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Making the Arab Spring Eternal
The seeds of economic liberty and free markets have been planted in the Middle East. But can they grow, asks Jay Akasie.
August 15, 2011 2:29 by Jay Akasie
…achieving a specific return threshold and thus are focused on the strength of the tenant covenant rather than the asset risk
• Driven primarily by supply concerns in almost all sectors, investors anticipate further capital declines in many MENA markets
• Office assets remain the most attractive investment class for this investor base, but this preference is not necessarily in line with short-term market conditions
SHOULD THE GULF LEAD THE WAY?
Never put your eggs in one basket, even if that basket is paid for by billions of dollars in oil assets. Yet that’s just what the Arab world has done with the six-nation Gulf Cooperation Council. Before the mid-20th century, most of these countries were far from the current urbanization level. The ancient Arab societies to the east – nations such as Lebanon and Egypt – were at the center of world affairs long before the integration of the GCC in the global economy.
Still, it’s the GCC that controls most of the Arab world’s money, power, and influence. But just how stable is this region and to what extent could uprisings there endanger the Arab world? Economists at the National Bank of Kuwait stated recently that the telecom industry and certain real estate players could be impacted if political instability reaches the Gulf.
“The International Monetary Fund recently revised upwards its forecast for real GDP growth for the GCC to 7.8 percent for 2011, compared with its previous projection of 5.2 percent. The IMF said that it now expects the Middle East’s economy (excluding Libya) to expand by 4.9 percent in 2011, compared with its previous estimate of 4.5 percent.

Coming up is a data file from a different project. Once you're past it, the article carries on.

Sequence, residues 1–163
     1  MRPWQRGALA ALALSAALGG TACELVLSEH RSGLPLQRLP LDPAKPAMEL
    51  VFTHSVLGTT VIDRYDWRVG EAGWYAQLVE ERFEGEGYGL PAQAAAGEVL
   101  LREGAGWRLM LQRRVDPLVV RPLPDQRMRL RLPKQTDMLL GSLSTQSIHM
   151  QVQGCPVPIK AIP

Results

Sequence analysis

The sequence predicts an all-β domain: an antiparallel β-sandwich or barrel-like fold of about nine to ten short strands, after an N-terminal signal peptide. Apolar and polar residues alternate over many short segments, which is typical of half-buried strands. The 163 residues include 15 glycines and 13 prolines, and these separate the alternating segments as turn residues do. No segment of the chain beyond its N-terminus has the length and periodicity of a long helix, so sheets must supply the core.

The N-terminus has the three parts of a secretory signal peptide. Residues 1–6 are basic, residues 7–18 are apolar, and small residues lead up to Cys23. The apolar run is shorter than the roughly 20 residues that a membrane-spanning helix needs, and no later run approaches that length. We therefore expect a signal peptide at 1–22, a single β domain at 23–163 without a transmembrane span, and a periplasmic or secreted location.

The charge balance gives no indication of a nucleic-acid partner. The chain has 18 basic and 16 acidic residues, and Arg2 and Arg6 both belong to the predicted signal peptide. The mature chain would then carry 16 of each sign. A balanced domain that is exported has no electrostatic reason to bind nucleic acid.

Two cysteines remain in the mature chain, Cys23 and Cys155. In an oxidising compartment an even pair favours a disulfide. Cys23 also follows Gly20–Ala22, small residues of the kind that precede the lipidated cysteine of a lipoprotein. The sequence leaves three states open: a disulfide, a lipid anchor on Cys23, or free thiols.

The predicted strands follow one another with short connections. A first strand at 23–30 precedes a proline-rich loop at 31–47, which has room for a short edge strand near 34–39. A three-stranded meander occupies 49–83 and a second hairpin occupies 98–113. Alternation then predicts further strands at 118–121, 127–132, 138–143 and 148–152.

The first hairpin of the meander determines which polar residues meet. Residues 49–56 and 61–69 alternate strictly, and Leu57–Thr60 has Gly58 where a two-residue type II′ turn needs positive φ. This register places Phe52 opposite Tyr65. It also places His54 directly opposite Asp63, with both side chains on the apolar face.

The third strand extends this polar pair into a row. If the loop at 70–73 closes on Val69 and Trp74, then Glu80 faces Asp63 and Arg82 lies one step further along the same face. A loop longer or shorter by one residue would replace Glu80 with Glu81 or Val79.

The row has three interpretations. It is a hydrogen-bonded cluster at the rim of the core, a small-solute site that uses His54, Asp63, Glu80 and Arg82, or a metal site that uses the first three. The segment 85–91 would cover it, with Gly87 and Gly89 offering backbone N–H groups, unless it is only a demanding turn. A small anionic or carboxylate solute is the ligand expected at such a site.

However, the IMF also warned about inflation, as the impact of expansionary fiscal spending on aggregate demand may lead to a resurgence in inflationary pressures,” according to NBK.
AN IRANIAN WRITER
In his latest syndicated column, the political essayist and novelist Arthur Herman cites a new study by RAND Corp. Gregory Jones that predicts that if Iran’s centrifuges continue to produce enriched uranium, the world will be facing a nuclear Iran by the end of this summer.
“For example, we can expect the tide of the Arab Spring to flow decisively toward Iran as the new power center in the region, much as Eastern Europe did toward Adolf Hitler in the late 1930s,” writes Herman.
Even if Iran’s nuclear schedule is months slower than what RAND’s Jones predicts, that still means the country could possess nuclear weapons by the end of 2011.
Columnist Herman says he thinks Iran’s nuclear ambitions will be viewed by regional powers much like Hitler’s triumph over the Western democracies at Munich.
The regional arms race will accelerate, with Saudi, Egypt, and Jordan rushing to join that club. “Is there any way out of this nightmare – a way to avoid a new Dark Age? Certainly the time for action is running out,” says Herman.
This article was originally published in Trends.